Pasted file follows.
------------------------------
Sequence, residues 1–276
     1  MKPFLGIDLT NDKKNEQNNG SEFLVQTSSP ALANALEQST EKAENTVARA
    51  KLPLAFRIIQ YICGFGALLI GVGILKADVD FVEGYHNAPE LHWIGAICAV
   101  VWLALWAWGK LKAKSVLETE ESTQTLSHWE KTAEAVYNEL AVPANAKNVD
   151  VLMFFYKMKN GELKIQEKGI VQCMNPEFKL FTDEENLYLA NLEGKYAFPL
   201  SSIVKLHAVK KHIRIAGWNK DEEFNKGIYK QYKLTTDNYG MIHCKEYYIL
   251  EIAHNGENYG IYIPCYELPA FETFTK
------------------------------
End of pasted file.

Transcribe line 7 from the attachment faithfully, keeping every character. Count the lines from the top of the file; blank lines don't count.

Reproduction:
   251  EIAHNGENYG IYIPCYELPA FETFTK